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East Coast vs West Coast Oysters

Oct 28, 2019 | How To's / Food Connoisseur

freshly shucked oysters

The world of oysters is like the world of wine. It takes experience and knowledge to fully appreciate the complexity that each oyster brings to your table. There are a vast number of flavors, textures, and finishes that you can experience based on where an oyster is grown. Much like wine, the conditions of the “soil” or, in the oyster’s case, water and sediment, determine the flavor of the oysters. Check out this oyster flavor chart from pangeashellfish.com to get an idea of just how complex and amazing oysters are.

In general, there are two main families of oysters, Ostreidae and Pteriidae. All “true” oysters are in the family Ostreidae, which are the edible oysters, and are different than pearl oysters, also called Feathered Oysters, in the family Pteriidae. While named “edible oysters,” you can also eat the meat from pearl oysters, though somewhat unusual because the entire pearl oyster is typically deconstructed into all of its parts for various industries. They are broken down into pearl, shell, and meat, so the meat with the shell is not common and typically the farmers/fishers eat the meat or it’s sold to local restaurants. 

Edible oysters, at least in the United States, are typically grown on either the West Coast or the East Coast, which each bring a unique quality and flavor to the oysters. There are 5 species that are cultivated in the United States that you will encounter. One of the main differences between the coasts are what species are cultured. The East Coast has one native oyster that is cultivated, called the “Eastern” (Crassostrea virginica) and one non-native that is called “European Flat” (Ostrea edulis). The East Coast native, Eastern (or Virginica), is found from New Brunswick down to the Gulf of Mexico, and the non-native, European Flat, is cultivated in Maine. The Eastern oyster is very common, but the European Flat is very rare to find due to its particularity of growing in perfect conditions. The West Coast has one native oyster as well, called “Olympia” (ostrea conchaphila) and is found from British Columbia to Baja Mexico. The West also has two other non-native species, originally from Japan, that are cultivated. One is called “Pacific” (Crassostrea gigas) and the other “Kumamoto” (Crassostrea sikamea). The Pacific oyster makes up 97% of the global oyster production due to its quick growth, disease resistance, and general hardiness. The Kumamoto is a smaller oyster that prefers warmer waters. The Eastern is also grown on the West Coast, but is more rare.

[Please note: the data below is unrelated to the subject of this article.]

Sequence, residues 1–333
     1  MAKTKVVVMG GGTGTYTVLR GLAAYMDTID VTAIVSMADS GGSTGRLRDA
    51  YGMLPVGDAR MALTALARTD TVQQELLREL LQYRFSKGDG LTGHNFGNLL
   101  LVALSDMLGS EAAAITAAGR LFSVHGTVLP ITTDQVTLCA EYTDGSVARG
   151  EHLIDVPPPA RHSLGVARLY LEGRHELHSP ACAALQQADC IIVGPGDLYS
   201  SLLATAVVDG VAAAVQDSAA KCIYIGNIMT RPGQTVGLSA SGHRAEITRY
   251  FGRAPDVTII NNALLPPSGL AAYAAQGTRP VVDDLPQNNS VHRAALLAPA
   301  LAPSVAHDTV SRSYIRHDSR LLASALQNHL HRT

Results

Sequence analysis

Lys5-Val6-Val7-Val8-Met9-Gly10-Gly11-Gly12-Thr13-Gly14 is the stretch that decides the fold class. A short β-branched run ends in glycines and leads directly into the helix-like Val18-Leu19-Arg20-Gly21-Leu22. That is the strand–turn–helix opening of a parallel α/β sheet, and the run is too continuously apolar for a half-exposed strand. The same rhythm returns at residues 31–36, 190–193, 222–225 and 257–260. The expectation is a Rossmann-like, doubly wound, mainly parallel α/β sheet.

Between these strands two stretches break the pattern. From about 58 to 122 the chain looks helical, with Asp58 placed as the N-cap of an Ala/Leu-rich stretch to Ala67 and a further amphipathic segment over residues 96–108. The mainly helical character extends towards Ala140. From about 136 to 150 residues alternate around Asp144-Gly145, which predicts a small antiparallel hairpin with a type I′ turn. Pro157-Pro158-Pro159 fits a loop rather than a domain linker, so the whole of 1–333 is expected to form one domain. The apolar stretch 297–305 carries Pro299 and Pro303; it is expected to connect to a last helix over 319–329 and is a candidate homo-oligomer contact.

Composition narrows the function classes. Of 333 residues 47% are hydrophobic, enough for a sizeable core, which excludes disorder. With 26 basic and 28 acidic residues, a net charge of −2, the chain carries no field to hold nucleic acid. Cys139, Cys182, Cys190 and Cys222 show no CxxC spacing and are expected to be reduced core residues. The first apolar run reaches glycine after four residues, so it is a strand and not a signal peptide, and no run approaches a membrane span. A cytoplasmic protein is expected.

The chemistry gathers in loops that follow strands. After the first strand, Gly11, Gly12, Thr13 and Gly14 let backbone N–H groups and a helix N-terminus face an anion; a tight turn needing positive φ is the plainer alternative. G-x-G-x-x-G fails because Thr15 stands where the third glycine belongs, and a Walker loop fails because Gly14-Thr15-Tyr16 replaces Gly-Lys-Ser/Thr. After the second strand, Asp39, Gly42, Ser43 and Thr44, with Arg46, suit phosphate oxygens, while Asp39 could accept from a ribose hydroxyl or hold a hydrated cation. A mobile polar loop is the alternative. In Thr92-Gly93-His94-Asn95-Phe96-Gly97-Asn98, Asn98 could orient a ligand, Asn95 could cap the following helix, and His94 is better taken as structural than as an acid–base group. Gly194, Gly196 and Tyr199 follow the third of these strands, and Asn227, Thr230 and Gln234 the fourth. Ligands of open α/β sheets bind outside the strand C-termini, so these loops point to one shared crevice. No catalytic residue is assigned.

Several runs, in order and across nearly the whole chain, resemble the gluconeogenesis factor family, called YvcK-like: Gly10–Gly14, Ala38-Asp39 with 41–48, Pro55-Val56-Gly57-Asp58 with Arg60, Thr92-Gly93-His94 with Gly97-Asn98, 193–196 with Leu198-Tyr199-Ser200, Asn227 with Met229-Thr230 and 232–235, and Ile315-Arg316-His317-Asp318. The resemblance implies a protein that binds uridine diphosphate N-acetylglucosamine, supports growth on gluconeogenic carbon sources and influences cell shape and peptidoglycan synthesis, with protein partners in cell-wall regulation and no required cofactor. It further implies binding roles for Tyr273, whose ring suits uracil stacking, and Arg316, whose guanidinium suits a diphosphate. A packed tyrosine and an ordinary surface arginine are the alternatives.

One of the coolest things about oysters, is that, just like wine, the “region” or body of water that the oyster is grown in has a large impact on the flavor. The flavor is also called “merroir,” and is influenced by how much fresh water is nearby (making the oyster less salty), the minerals of the rocks and sediment nearby, the amount of seaweed that is nearby, and even the type of algae the oyster is filtering. There are thousands of locations that oysters are cultivated on the East and West Coast that are available in the U.S., meaning there are thousands of minute flavor differences among the 5 species cultivated. In very generalized terms, and we mean very, West Coast oysters tend to be sweeter, and East Coast oysters tend to be saltier. If you want to read more about the specific merroir of each of the 5 species of oysters grown in the U.S., you can read more from Element Seafood

Here at Feast, we get the freshest, and most diverse oysters we can get our hands on to give you an incredible experience trying oysters from all over the country, each with a unique taste so you can find the one that you love the most. We highly recommend trying at least two of each of the oysters that we have to try one “naked” (without condiments) and then try it with the condiment that you think it may need to make it suit your taste buds more– sometimes they just need a squeeze of lemon. We can also recommend a drink pairing if you want to get the full experience! 

Come check out Feast’s Raw Bar and get some delicious oysters to share with a group and share your new-found knowledge! 

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